One of the important applications of the composition of this invention is in the preparation of golf ball cover stock Where a rapid crystallization rate is a requirement. A desirable golf ball cover stock should have good shellforming properties and good final molding characteristics in order to provide a uniform cover thickness. The cover thickness must be uniform, for otherwise the ball will be out of balance and unsuitable for use. Because transpolyisoprene per se possesses a slow crystallization rate, it is not generally satisfactory for use in preparing molded objects that have such rigid requirements. The present invention provides a method for increasing the crystallization rate several times and thereby making it a highly desirable material for golf ball cover stock as well as many other applications. In general, the composition of this invention can be used in applications where balata and gutta-percha have been conventionally employed.

The trans-polyisoprene used in the present composition contains a highpercentage, e.g., at least percent, of trans 1,4-addition. The trans-polyisoprene generally contains in the range of 75 to percent and higher of trans 1,4-addition, the remainder of the polymer being formed by 3,4-addition, 1,2-addition and cis 1,4-addition. The trans-polybutadiene employed in the present composition usually contains at least 70 percent, e.g., from about 70 to 95 percent and higher, of trans 1,4-addition, the remainder of the polymer being formed by 1,2-addition and cis 1,4-add ition. The amount of unsaturation, other than trans-unsaturation, present in these polymers appears to be immaterial. It is to be understood that the present invention is in general applicable to any synthetic polyisoprenes and polybutadienes in which the above-mentioned percentages of the polymers are formed by trans 1,4-addition of the monomers.

The present invention is applicable to blends of transpolyisoprenes and trans-polybutadienes regardless of the method employed in preparing the polymers. One method that can be advantageously utilized in preparing the polymers comprises the step of polymerizing 1,3-but'adiene or isoprene in the presence of a catalyst composition comprising (a) a complex aluminum hydride of an alkali metal, such as lithium aluminum hydride, and (b) titanium tetraiodide. The amount of the hydride used in the catalyst composition is usually in the range of 0.5 to 6 mols per mol of titanium teraiodide with a preferred mol ratio being from 1.3 to 3.0. The polymerization is generally carried out at a temperature in the range of 10 C. to 80 C. in the presence of an inert hydrocarbon diluent. Diluents suitable for use include aromatics, such as benzene and toluene, and paraffins, such as normal pentane and isooctane. It is frequently preferred to charge the complex aluminum hydride to the reactor as a solution in a dialkyl ether, such as diethyl ether. This method for preparing trans-polyisoprenes and trans-polybutadienes is described in detail by R. P. Zelinski and D. R. Smith in US. Patent No. 3,050,513.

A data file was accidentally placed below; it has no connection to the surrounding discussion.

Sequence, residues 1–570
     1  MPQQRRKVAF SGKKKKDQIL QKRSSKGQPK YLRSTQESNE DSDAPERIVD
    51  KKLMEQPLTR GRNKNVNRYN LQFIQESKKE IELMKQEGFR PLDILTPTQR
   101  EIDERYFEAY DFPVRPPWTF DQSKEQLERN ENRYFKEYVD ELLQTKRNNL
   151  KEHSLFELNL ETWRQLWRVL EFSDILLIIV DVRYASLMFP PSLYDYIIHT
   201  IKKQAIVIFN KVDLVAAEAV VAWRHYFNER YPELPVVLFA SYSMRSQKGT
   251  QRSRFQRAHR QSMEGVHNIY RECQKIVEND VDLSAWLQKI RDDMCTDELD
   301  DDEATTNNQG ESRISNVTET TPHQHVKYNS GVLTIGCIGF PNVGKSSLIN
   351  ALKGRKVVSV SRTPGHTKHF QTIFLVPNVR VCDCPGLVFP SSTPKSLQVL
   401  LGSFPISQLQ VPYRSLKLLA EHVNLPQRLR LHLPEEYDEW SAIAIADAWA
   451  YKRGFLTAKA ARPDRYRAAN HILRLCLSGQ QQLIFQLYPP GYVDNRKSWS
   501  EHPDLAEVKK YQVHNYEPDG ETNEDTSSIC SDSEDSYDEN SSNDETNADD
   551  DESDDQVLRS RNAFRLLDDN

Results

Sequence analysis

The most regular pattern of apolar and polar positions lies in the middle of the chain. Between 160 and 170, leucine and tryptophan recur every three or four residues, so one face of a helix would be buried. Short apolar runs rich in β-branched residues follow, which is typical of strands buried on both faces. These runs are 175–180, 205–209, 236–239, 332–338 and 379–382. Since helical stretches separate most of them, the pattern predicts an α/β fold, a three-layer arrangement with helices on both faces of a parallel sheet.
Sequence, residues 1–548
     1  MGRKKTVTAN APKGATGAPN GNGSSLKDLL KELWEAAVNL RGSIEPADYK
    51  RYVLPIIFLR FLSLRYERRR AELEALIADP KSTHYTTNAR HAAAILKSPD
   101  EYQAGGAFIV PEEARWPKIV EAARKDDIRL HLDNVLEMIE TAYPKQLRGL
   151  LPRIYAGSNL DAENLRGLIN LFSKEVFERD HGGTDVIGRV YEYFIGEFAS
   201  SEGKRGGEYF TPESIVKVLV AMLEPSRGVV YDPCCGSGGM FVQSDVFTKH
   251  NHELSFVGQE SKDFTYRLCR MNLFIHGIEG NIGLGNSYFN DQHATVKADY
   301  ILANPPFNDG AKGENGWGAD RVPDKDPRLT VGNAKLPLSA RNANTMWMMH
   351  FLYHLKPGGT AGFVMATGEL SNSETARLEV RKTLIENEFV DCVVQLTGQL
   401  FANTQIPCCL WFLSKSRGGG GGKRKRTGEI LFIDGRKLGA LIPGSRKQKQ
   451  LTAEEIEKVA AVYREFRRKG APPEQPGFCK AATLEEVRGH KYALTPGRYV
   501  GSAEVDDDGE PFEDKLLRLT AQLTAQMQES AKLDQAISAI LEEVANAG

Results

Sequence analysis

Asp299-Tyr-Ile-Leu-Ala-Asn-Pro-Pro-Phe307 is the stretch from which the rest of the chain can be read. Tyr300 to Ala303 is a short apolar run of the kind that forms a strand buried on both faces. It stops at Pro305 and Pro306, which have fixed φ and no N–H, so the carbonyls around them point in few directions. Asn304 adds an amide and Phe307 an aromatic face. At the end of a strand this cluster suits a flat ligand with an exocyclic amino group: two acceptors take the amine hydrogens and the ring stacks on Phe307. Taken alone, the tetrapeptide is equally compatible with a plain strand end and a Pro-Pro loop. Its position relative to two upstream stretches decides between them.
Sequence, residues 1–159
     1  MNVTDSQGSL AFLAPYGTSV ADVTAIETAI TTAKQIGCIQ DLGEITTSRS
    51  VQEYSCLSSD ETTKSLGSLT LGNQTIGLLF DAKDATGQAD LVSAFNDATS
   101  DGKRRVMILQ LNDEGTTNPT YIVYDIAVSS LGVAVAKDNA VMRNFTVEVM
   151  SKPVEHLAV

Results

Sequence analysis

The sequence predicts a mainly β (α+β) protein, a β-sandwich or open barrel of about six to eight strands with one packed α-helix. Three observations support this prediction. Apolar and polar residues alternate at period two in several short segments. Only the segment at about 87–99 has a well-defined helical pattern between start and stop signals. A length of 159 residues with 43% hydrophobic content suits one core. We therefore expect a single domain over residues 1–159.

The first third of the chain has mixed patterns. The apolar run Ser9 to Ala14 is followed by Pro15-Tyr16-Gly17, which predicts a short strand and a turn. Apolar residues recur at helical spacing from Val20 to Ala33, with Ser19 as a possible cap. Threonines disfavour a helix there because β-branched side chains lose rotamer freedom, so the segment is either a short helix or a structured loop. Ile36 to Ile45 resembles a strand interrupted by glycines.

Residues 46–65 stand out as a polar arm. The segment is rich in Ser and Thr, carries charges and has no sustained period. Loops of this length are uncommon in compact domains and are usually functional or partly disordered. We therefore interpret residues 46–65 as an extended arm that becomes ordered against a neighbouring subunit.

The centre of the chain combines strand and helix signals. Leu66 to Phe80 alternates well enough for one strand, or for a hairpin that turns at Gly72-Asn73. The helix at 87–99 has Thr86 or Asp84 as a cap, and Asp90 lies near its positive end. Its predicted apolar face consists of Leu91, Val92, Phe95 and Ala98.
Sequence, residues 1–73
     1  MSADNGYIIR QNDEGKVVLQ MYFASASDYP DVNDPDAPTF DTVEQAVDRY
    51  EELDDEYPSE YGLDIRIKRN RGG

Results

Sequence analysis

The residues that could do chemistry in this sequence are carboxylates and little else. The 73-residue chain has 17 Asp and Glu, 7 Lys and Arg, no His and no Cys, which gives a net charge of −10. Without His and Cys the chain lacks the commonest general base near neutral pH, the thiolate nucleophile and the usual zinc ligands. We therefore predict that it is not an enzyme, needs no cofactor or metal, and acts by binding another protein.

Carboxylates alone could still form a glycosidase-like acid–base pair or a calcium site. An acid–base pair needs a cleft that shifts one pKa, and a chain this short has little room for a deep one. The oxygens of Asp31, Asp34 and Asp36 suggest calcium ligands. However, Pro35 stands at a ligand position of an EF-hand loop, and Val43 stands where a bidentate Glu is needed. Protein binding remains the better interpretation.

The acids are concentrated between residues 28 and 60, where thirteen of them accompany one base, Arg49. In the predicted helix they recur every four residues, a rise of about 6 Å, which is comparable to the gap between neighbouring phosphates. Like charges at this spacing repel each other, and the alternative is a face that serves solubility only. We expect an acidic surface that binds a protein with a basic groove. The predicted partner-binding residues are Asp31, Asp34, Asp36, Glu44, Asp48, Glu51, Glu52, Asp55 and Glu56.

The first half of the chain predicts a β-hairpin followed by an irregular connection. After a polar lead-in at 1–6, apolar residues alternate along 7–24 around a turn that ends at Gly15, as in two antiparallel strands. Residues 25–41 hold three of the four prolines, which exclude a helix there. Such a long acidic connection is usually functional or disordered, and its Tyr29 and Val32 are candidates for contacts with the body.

The composition of this invention can be prepared by blending the polymers by any suitable method. A convenient method for preparing the composition is to blend solutions of the polymers in a hydrocarbon solvent. The product is then recovered by conventional methods, such as by steam stripping, coagulation in an alcohol, such as isopropyl alcohol, or the like. Another suitable method for preparing the composition is to blend the materials on a roll mill, in a Banbury mixer, or similar kneading device. The temperature employed in the blending can vary over a wide range. For example, the blending can be accomplished at room temperature (20 C.) or at elevated temperatures, e.g., up to C. The only limitation regarding the temperature is that it should not be so high as to cause degradation of the polymers.

A more comprehensive understanding of the invention can be obtained by referring to the following illus trative example which is not intended, however, to be unduly limitative of the invention.

EXAMPLE A series of runs was conducted to demonstrate that by blending trans-polyisoprene with trans-polybutadiene the crystallization rate of the former is materially increased. The polymers were prepared by polymerizing the respective monomers, i.e., 1,3-butadiene or isoprene, with a catalyst consisting of an ether solution of lithium aluminum hydride and titanium tetraiodide. Each of the polymers contained about 90 percent trans 1,4-addition.